Zidovudine resistance and HIV-1 disease progression during antiretroviral therapy

Richard T. D'Aquila*, Victoria A. Johnson, Seth L. Welles, Anthony J. Japour, Daniel R. Kuritzkes, Victor DeGruttola, Patricia S. Reichelderfer, Robert W. Coombs, Clyde S. Crumpacker, James O. Kahn, Douglas D. Richman

*Corresponding author for this work

Research output: Contribution to journalArticlepeer-review

245 Scopus citations


Objective: To evaluate the association between resistance of human immunodeficiency virus type 1 (HIV-1) to zidovudine and clinical progression. Design: Retrospective analysis of specimens from patients in the AIDS Clinical Trials Group (ACTG) protocol 116B/117, a randomized comparison of didanosine with continued zidovudine therapy in patients with advanced HIV-1 disease who had received 16 weeks or more of previous zidovudine therapy. Setting: Participating ACTG virology laboratories. Patients: 187 patients with baseline HIV-1 isolates. Measurements: Zidovudine susceptibility testing and assays for syncytium-inducing phenotype were done on baseline HIV-1 isolates. Relative hazards for clinical progression or death associated with baseline clinical, virologic, and immunologic factors were determined from Cox proportional hazards regression models. Results: Compared with other patients, 15% (26 of 170) with isolates showing high-level zidovudine resistance (50% inhibitory zidovudine concentration ≥ 1.0 μM) had 1.74 times the risk for progressing to a new AIDS-defining event or death (95% CI, 1.00 to 3.03) and 2.78 times the risk for death (CI, 1.21 to 6.39) in analyses that controlled for baseline CD4+ T-lymphocyte count, syncytium- inducing HIV-1 phenotype, disease stage, and randomized treatment assignment. The clinical benefit of didanosine was not limited to patients with highly zidovudine-resistant baseline HIV-1 isolates. Conclusions: High-level resistance of HIV-1 to zidovudine predicted more rapid clinical progression and death when adjusted for other factors. However, patients with advanced HIV-1 disease may benefit from a change in monotherapy from zidovudine to didanosine whether high-level HIV-1 resistance to zidovudine is present or absent, and laboratory assessment of zidovudine resistance is not necessary for deciding when to switch monotherapy from zidovudine to didanosine.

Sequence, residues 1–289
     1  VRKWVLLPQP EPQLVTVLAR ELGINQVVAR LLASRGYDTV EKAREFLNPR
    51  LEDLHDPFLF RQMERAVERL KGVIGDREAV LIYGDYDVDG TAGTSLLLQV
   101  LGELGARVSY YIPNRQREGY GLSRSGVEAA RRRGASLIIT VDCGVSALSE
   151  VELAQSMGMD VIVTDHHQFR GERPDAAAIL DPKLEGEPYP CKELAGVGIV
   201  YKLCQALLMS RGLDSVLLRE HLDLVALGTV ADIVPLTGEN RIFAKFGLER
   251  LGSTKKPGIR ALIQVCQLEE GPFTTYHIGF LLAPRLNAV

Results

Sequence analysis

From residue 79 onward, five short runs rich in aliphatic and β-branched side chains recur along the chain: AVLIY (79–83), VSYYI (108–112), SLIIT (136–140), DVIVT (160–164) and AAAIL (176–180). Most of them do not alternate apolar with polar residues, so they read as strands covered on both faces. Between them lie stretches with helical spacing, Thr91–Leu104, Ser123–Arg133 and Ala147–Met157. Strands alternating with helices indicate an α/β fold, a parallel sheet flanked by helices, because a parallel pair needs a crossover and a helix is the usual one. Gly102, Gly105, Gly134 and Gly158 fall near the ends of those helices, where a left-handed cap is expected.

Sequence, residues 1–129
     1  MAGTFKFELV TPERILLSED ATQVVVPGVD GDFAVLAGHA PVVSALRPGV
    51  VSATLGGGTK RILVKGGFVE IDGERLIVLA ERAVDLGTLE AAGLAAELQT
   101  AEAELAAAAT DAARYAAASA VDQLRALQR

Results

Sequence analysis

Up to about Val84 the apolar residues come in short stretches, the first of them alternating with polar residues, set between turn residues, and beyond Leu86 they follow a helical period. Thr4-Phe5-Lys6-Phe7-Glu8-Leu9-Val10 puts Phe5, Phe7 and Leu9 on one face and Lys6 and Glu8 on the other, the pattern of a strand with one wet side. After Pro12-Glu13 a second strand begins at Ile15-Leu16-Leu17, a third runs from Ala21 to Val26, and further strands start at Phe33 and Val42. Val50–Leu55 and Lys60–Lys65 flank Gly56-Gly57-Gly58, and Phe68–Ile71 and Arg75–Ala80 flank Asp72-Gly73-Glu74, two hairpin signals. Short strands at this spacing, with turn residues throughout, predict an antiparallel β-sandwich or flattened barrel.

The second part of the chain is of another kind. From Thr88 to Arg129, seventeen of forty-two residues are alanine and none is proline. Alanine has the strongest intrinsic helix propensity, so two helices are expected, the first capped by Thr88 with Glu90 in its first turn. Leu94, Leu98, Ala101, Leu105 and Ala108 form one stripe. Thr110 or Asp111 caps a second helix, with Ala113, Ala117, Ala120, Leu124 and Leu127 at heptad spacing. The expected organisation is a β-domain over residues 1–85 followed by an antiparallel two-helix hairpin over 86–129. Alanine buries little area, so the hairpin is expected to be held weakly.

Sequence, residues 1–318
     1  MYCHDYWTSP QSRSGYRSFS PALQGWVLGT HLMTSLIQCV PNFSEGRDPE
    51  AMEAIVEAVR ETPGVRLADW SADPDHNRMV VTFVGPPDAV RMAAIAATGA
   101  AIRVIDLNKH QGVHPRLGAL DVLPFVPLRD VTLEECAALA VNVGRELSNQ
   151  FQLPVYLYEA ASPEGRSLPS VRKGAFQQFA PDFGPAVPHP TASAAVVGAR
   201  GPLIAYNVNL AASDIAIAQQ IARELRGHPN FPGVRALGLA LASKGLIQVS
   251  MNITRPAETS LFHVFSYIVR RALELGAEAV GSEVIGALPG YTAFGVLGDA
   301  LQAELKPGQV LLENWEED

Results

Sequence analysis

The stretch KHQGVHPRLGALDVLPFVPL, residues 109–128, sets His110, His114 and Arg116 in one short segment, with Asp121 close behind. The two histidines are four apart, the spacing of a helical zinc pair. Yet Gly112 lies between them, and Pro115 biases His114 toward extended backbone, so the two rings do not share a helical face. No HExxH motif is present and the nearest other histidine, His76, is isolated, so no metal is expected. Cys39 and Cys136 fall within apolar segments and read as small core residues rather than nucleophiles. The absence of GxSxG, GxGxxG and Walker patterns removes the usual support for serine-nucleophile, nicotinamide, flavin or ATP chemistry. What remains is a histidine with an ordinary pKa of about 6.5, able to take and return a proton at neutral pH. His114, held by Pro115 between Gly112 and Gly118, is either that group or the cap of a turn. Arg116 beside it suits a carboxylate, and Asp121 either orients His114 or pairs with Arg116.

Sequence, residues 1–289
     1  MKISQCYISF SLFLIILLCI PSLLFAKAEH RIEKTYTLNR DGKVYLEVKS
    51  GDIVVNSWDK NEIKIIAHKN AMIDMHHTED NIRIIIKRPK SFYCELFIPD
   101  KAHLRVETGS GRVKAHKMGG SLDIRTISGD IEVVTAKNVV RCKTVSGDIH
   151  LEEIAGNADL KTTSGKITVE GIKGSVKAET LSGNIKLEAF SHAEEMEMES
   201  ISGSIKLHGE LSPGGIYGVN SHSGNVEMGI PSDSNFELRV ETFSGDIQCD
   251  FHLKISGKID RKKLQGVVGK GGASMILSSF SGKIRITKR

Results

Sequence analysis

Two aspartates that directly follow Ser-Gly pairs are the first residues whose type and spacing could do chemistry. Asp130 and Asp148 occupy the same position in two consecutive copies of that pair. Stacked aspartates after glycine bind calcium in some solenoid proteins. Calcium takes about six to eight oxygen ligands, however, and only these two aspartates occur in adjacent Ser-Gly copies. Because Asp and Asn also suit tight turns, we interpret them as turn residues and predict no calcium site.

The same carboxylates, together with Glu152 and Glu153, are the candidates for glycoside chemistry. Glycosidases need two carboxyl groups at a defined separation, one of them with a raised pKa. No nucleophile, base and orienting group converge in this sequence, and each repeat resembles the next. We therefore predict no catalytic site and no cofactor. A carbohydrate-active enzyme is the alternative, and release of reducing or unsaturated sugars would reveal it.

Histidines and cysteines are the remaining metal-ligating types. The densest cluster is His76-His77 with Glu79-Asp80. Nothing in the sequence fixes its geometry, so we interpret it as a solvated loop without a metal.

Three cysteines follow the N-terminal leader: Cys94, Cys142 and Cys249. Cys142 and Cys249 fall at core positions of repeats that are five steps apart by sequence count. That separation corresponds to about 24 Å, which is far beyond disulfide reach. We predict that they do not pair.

Original languageEnglish (US)
Pages (from-to)401-408
Number of pages8
JournalAnnals of internal medicine
Issue number6
StatePublished - Mar 15 1995

ASJC Scopus subject areas

  • Internal Medicine


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